Scoping Canteloupe Fruit: Use your melon literally and figuratively to create muskily aromatic dishes to serve all through the meal.

July 31, 1996|By Cathy Thomas | Cathy Thomas,ORANGE COUNTY REGISTER

Cantaloupe season is in full swing and supermarkets have mountains of melons.

At first glance cantaloupes may look alike. So how do you single out the sweet ones? The ones that are ready to eat? The ones with vivid orange flesh and lots of juice?

Cantaloupe customers have several approaches. There are thumpers, shakers and sniffers. Pokers, too.

The thumpers and shakers are having fun, but they may not end up with the best choice. According to the California Cantaloupe Advisory Board, the sniffers and pokers will have more success. Especially if they use their eyes, too.

Look for melons with stem ends that are smooth and well-rounded. The stem end should yield to light pressure when given a gentle poke. Avoid melons with bruises and discolorations (although it's perfectly all right for one side to be "bleached" where the melon touched ground).

Choose cantaloupes that are slightly golden -- not a dull green -- under their netting. The netting should cover the whole rind.

They should feel heavy; the heavier the melon the juicier the flesh.

But most of all, a sure sign of a tasty cantaloupe is a sweet, musty aroma.

Ah, cantaloupe perfume. It's one of the best. You even can smell it through the shrink wrap on ripe, market-cut melons (as long as they're not too cold).

If you end up with a less-than-perfect selection that needs more ripening, you can improve the flavor of uncut melons by leaving them at room temperature for two to four days. The fruit will not become sweeter, but it will turn softer and juicier.

Once ripened or cut, cantaloupe should be refrigerated, but don't remove the seeds until just before you're ready to serve the melon; the seeds keep the flesh from drying out.

Serve melon just slightly chilled for the most flavor and fragrance.

For appetizers and first courses:

Slice and wrap with prosciutto (dry-cured Italian ham); serve with a squeeze of lemon.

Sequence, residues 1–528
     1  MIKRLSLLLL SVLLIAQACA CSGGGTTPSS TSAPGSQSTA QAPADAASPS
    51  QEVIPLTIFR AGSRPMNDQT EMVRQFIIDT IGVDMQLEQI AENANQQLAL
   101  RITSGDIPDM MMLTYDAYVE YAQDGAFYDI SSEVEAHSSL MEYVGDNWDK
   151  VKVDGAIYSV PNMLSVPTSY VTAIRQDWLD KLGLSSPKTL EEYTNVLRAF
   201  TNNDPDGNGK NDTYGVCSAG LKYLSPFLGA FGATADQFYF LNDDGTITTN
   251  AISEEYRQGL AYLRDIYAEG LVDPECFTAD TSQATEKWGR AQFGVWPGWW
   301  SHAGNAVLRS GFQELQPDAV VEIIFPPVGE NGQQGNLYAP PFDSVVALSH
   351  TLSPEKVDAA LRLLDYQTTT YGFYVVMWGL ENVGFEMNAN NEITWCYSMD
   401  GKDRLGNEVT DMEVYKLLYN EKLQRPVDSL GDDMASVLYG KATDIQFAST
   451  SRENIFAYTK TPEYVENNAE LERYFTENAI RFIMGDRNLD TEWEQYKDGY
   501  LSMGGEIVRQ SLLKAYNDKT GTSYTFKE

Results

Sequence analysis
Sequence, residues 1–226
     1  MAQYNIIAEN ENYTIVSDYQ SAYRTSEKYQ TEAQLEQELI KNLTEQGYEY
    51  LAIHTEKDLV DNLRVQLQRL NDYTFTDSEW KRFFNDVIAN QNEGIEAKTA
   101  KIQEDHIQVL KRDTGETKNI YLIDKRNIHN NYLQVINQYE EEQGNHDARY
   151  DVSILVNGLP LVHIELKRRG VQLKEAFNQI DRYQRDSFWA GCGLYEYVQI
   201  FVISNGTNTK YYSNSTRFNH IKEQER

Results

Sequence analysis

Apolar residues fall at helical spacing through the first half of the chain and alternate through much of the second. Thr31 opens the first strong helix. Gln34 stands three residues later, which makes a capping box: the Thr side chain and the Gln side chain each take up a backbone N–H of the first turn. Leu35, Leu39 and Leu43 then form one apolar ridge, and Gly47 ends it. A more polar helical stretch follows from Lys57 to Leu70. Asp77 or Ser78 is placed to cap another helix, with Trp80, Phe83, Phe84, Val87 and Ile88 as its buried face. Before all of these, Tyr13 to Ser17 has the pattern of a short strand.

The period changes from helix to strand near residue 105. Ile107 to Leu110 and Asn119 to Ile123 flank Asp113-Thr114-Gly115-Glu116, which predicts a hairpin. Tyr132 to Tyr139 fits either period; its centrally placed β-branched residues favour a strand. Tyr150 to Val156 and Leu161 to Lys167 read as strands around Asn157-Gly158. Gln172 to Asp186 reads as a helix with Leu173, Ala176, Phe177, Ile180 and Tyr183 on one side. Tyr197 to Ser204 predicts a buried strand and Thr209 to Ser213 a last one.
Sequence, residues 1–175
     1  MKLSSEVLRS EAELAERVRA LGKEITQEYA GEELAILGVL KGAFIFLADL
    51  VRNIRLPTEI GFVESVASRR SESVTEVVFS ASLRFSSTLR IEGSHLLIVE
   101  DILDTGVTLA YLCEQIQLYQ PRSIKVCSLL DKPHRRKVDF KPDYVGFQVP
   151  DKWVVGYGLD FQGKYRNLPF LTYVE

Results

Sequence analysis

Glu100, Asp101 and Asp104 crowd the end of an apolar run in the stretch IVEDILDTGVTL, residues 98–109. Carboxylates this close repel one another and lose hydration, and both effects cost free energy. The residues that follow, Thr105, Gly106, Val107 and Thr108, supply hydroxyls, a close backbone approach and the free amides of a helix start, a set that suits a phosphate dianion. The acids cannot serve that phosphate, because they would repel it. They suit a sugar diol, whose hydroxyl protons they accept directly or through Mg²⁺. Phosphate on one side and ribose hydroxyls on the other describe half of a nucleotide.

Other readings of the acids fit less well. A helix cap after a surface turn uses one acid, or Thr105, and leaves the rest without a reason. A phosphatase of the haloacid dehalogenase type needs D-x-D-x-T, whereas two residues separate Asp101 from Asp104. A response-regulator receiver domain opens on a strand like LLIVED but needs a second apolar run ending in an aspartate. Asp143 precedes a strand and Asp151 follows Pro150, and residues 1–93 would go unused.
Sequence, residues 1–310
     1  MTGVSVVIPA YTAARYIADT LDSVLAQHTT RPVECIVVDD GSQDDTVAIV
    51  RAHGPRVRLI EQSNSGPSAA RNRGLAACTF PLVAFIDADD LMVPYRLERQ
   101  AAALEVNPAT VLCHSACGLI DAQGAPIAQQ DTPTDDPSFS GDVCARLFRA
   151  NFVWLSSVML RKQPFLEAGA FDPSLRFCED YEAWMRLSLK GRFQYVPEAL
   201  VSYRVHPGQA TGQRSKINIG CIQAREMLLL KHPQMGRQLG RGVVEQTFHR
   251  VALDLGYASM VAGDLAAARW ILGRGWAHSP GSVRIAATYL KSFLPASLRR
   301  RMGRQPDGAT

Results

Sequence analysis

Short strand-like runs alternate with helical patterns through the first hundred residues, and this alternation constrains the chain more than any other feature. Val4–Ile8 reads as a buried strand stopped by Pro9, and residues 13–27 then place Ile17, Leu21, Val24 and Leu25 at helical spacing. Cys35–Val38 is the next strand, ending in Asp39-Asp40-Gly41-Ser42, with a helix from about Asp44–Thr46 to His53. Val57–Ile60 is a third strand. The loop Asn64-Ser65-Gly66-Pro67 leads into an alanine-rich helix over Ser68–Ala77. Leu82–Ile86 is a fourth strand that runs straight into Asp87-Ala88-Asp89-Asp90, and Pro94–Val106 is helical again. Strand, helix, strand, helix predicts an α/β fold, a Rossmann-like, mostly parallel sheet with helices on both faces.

Slice and sprinkle with crumbled feta cheese or sprinkle with a little salt and garnish with finely chopped mint.

Cut in half and fill cavity with chilled wine sauce made by combining 2 1/2 cups full-bodied red wine (such as zinfandel, shiraz or Cotes du Rhone), 1/2 cup sugar and a cinnamon stick in a heavy-bottom large saucepan; boil until reduced to about 1 cup. Strain and chill. Pour into chilled melon halves; serve.

For breakfast:

Pile blueberries in cantaloupe halves and add a dollop of yogurt. Garnish with fresh mint.

Prepare a cantaloupe and strawberry streusel (recipe follows). Cantaloupe is seldom cooked, but in this recipe it's combined with strawberries, slathered with yogurt, covered with a luscious streusel topping and heated slightly. The results are delicious. Accompany with frozen yogurt and this dish becomes a dessert.

Salads

Use cantaloupe halves as a bowl for cold summer salads, such as chicken salad tossed with curry mayonnaise, grapes and toasted pecans -- or tuna salad with basil-scented mayonnaise (stirred with a little Dijon mustard), capers, celery and finely minced red onion.

Or use slivers of cantaloupe as a garnish for crisp green salads. Grilled portobello mushroom and cantaloupe salad can be a first course or main dish (recipe follows).

A simple green salad matched with a balsamic vinaigrette is topped with slices of cantaloupe and grilled portobello mushrooms; crumbled herb/sun-dried tomato-flavored feta cheese is sprinkled over the top.

Or combine with other fruit and make a fruit salad. Drizzle with a orange liqueur if you like.

Fruit salsa

Combine diced cantaloupe with minced red bell pepper, jalapeno chili, cilantro and rice vinegar (recipe follows); serve with grilled chicken, pork or fish.

Desserts

Fill small cantaloupe halves with port or dry white wine. Or slice and cover with a syrup made by boiling 1/3 cup sugar, 1/3 cup lime juice, 1/3 cup water and 1/4 teaspoon ground cardamom for 2 minutes; chill. If desired, serve with cantaloupe sorbet (recipe follows).

Cantaloupe sorbet

Makes about 6 servings

1 cup sugar (see cook's notes)

1 cup water

1 large, lushly ripe cantaloupe, about 20 ounces

1 1/2 tablespoons lemon juice

optional garnish: sprigs of fresh mint

Make the sugar syrup: Combine sugar and water in a medium, heavy-bottomed saucepan. Bring to a boil on medium-high heat. When sugar dissolves, reduce to a simmer. Simmer for 6 minutes. Remove from heat; cool.

Remove rind and seed cantaloupe; cut into 2-inch chunks. Place chunks in food processor fitted with the metal blade; add lemon juice and 1/4 cup sugar syrup. Process until smooth. Pour into canister of ice-cream maker. Process according to manufacturer's directions.

Scoop into chilled bowls or goblets or onto a wedge of melon of a contrasting color, such as honeydew. Garnish with fresh mint and pass an assortment of cookies.

This sorbet also may be served between courses as a palate cleanser.

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